(a) Whether or not the objective of the programme relates to a matter of significant public importance:
(b) Whether or not the use of the programme to achieve that objective will result in monetary savings that are both significant and quantifiable, or in other comparable benefits to society:
(c) Whether or not the use of an alternative means of achieving that objective would give either of the results referred to in paragraph (b) of this section:
(d) Whether or not the public interest in allowing the programme to proceed outweighs the public interest in adhering to the information privacy principles that the programme would otherwise contravene:
(e) Whether or not the programme involves information matching on a scale that is excessive, having regard to –
(i) The number of agencies that will be involved in the programme; and
(ii) The amount of detail about an individual that will be matched under the programme:
(f) Whether or not the programme will comply with the information matching rules.

Appendix B
Content of Information Matching Privacy Impact Assessment

(a) Cover sheet and table of contents

(b) Introductory section: Setting out certain key details and short summary information such as:
(i) the title of the proposal;
(ii) name of the department proposing the programme;
(iii) other agencies involved;
(iv) contact details for policy and technical issues for each of the agencies;
(v) summaries of some of the details that follow in (c) to (h);
(vi) the date at which the version of the IMPIA has been prepared.

(c) Description of proposal: Including:
(i) the objective of the proposals;
(ii) summary of the proposed operation of the programme. Include details about likely processes involved, what information is to be disclosed, how information will be matched, when s.103 notices will be sent, information flows (diagrams) and any other relevant processes;
(iii) where proposed legislation has already been drafted the relevant clauses should be attached and referred to.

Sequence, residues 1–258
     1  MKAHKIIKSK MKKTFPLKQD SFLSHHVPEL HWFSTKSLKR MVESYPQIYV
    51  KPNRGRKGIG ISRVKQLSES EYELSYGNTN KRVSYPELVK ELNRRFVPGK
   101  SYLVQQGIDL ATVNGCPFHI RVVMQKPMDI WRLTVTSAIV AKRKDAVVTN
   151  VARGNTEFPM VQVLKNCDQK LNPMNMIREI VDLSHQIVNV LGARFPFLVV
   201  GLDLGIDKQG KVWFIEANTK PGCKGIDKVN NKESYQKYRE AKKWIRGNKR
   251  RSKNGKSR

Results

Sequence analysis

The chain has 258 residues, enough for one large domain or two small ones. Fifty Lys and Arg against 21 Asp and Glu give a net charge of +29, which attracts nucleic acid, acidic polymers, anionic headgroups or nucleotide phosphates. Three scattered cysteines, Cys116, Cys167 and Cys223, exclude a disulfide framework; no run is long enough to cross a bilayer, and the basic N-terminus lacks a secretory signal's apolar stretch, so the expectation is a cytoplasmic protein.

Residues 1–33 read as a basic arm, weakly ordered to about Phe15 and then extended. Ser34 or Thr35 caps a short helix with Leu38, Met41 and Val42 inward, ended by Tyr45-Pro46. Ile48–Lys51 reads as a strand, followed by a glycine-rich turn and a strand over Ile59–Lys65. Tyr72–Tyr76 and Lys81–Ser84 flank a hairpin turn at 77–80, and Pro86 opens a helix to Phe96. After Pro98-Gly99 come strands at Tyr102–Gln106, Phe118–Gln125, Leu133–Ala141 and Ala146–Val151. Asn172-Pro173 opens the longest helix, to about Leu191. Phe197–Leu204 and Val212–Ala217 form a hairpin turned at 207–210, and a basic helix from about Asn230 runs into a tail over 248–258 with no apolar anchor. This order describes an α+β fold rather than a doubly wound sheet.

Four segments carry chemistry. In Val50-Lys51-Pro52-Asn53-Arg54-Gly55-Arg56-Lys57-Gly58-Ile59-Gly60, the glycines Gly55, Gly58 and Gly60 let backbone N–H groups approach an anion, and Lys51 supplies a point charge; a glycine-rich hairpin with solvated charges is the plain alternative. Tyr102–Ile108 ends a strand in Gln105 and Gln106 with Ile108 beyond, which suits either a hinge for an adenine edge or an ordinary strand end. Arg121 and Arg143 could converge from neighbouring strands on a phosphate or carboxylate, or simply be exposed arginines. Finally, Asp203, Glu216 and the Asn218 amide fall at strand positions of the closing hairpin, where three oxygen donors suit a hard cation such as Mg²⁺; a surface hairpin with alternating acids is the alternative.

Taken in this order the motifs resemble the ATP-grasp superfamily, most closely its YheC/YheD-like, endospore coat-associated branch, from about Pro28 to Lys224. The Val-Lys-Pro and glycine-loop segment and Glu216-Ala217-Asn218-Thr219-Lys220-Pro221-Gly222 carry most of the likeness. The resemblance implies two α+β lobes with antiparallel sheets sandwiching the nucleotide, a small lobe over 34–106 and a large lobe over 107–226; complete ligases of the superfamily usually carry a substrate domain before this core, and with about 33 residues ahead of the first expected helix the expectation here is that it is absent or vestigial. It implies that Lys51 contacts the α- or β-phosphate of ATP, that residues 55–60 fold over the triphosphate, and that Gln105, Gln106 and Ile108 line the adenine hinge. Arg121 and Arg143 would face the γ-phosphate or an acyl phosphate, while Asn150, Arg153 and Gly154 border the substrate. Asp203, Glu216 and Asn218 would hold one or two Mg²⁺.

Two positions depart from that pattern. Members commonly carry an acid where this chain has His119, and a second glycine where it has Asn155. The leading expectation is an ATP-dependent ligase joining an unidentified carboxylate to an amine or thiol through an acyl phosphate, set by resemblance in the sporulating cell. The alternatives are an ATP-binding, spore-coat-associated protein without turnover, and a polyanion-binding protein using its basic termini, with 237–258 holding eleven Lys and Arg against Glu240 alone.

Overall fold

(d) Timing: Description of the stage that the proposal has reached, the processes followed so far and the time frame to which the Department intends to work.

(e) The problem: Details of the problem to which the programme is addressed (including reference to any supporting documentation such as select committee reports, departmental studies, surveys, etc).

(f) Information matching guidelines: Detailed analysis (rationale, justification and cost/benefit) of the proposal in terms of the 6 information matching guidelines set out in s.98 (including reference to any supporting data such as results from pilot matches etc). Within this material, or in separate following sections, there should also be analysis of the proposal in respect of the:
(i) The information privacy principles (detail those principles for which compliance may be an issue) – relevant to guideline (s.98 d):
(ii) 8 information matching rules – relevant to guideline (s.98 f)

(g) Part 10 compliance: Explanation as to compliance with ss.99 to ss.104 of Part 10 of the Privacy Act.

(h) Draft information matching agreement and TSR: Where development of a proposal is well advanced a draft information matching agreement and Technical Standards Report may be attached, and referred to, if these have been prepared.

(i) Confidential material: Departments should indicate if any part of the document is sensitive, perhaps placing this in a confidential annex. If sensitivity is asserted it should be made clear whether that ceases when the policy decisions or implementing bill is made public.

(j) Sign-off: Normally by the chief executives of each department involved.

1 Definitions of “information matching programme” and other key terms are found in the Privacy Act 1993, s.97.
2 Privacy Act, ss.97-109.
3 Privacy Act, s.98.
4 Privacy Act, Fourth Schedule.
5 Office of the Privacy Commissioner, Examination of Proposed Information Matching Programmes October 1995 – March 1998, 1998, $25.
6 Office of the Privacy Commissioner, “The Privacy Commissioner’s views on the Information Matching Guidelines”, updated from time to time.